“The trick is to keep breathing 2” Of dreams and stranger things

Breath is a strange thing, by simply breathing certain ways I have been able to induce changes in consciousness that can best be described as “out of body” – this seems to be an old trick.

I see references to breath control in Muslim Sufi works (Ala al-Dawla Simnani’s techniques for example, or the Naqshbandi technique of Hosh dar dam which cultivates an inner awareness and stillness during breath) and some practices of Shia Irfanis seem to use it to support visionary exercises. In the West Julius Evola and the Ur Group’s “Introduction to Magic” advocates some suspiciously similar breath techniques to cultivate an awareness of the body’s subtle aspects and to promote a certain… dislocation of consciousness during the liminal stage between sleep and wakefulness.

I also stumbled on something similar in Robert Moss’s books on dreaming and some of Robert Bruce’s books. What is going on here?


Is this useful or is it simply just idle boinging around chasing psychological will-o-wisps?

I suspect it is a bit of both. Obviously cultivated breath produces certain physiological effects. But it also seems to produce some psychological effects that are quite powerful and, though Western science does not accept the matter, I believe there are effects of a subtle non-physical, but non-spiritual, nature as well.

Effects – one could speculate – operative on degrees of reality which Chinese alchemists, Muslim Sufis, and neo-Platonic Hermetic thinkers, all seem to have thought of as intermediary liminal aspects behind physical reality. The best analogy I can say is that if the physical tangible world is skin, these techniques properly learned and cultivate.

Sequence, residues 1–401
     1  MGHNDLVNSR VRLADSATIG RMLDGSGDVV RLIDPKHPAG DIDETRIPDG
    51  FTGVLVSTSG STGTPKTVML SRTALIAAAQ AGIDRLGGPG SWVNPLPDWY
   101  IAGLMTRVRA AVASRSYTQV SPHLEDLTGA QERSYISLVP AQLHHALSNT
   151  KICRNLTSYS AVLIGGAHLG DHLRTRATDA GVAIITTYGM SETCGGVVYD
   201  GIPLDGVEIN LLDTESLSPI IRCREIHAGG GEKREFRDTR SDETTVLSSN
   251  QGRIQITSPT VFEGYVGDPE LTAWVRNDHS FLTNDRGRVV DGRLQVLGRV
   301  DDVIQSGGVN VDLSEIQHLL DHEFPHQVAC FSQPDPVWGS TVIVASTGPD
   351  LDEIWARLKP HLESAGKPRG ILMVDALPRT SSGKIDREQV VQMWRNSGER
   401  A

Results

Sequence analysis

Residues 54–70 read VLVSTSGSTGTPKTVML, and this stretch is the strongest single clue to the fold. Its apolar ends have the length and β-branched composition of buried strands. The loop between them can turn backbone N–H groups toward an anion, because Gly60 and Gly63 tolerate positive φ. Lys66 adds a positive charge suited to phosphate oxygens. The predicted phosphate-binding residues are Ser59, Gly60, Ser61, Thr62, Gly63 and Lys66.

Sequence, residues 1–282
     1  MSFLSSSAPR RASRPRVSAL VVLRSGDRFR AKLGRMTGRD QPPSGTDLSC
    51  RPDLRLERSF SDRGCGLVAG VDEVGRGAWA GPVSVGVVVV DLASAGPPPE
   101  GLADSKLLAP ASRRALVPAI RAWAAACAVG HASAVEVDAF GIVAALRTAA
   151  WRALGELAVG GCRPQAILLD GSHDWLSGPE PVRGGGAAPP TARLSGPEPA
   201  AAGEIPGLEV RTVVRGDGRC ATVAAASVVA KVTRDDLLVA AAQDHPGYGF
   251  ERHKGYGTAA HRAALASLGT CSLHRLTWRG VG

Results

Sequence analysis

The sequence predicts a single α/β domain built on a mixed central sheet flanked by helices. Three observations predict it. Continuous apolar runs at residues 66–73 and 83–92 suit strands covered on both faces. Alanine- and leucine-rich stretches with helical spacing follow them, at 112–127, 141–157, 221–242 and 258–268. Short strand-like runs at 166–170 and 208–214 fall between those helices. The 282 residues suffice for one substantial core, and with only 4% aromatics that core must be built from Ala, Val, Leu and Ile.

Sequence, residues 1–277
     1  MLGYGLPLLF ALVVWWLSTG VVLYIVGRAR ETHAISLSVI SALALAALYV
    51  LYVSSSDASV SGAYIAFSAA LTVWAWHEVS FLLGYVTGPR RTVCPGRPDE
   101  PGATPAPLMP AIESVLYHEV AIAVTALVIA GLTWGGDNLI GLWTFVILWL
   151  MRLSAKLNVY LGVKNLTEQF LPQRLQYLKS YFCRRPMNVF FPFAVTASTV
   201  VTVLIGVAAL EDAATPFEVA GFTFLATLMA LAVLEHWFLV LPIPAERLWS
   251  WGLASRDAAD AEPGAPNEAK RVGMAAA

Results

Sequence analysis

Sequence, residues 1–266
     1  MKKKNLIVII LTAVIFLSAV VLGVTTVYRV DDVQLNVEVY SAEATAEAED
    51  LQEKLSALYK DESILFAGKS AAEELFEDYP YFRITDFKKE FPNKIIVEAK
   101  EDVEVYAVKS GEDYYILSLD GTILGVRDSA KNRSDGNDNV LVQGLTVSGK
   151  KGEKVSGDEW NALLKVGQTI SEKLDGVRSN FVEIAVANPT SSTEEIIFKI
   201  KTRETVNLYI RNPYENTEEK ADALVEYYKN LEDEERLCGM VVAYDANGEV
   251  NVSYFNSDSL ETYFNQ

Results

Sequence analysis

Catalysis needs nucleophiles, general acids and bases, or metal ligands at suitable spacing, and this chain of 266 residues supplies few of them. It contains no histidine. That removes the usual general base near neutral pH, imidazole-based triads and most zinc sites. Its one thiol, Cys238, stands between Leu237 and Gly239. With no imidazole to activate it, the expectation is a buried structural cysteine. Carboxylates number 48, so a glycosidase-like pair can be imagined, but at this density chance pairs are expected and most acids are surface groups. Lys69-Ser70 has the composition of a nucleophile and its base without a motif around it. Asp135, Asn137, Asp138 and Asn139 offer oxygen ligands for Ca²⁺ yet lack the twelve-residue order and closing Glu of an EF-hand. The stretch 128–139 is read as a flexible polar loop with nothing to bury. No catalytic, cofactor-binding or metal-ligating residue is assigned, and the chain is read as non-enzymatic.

Were they right? Who knows. The observation is interesting all the same. Breathe in certain ways long enough and you will experience inward experiences as interesting, or more so, than anything you can experience with chemical hallucinogens.

Improperly learned, and experimented with, there may be the possibility of being easily led to a disorderly state, of extreme disharmony akin to insanity. Which, interestingly enough, is what happens often with improper use of hallucinogenic drugs. Dependency of fantasy states and a dislocation from reality. Bad trip flashbacks, you know the score.

Basic technique, stripped down to its essentials, focus on some phrase or object. For example, a part of your body, or a meaningful phrase. And while drifting into a reverie, “watch” the leading edge of your breath, feel it come in, and feel it come out, do this for a while gently with your eyes closed. Soon you will begin to see things, record what you see. Pay it not attention or importance but just record it for the sake of “gee this is interesting”.

This is the hypnagogic phase, of your sleep cycle. You will soon find it more interesting than watching TV.

Soon other things will occur if you persist in this. Record it. Compare notes with others… I’m not going to give out any surprises. Try it for yourself.

In either case none of this is “spiritual” in any sense of the word – certain switches are being tripped in the brain. Certain perceptions obtained. Whether these perceptions have an objective status in reality (and I think, to a real degree, they do) or not, none of this concerns – remotely – what one could consider as “spiritual”

1 Comment

  1. Mixed Desi Masala says:

    Breathwork is a part of all ancient and medieval religious systems – from Hinduism to Daoism to Buddhism to Shintoism to Judaism to Xtianity to Islam to Kemetian traditions to Native American and beyond.

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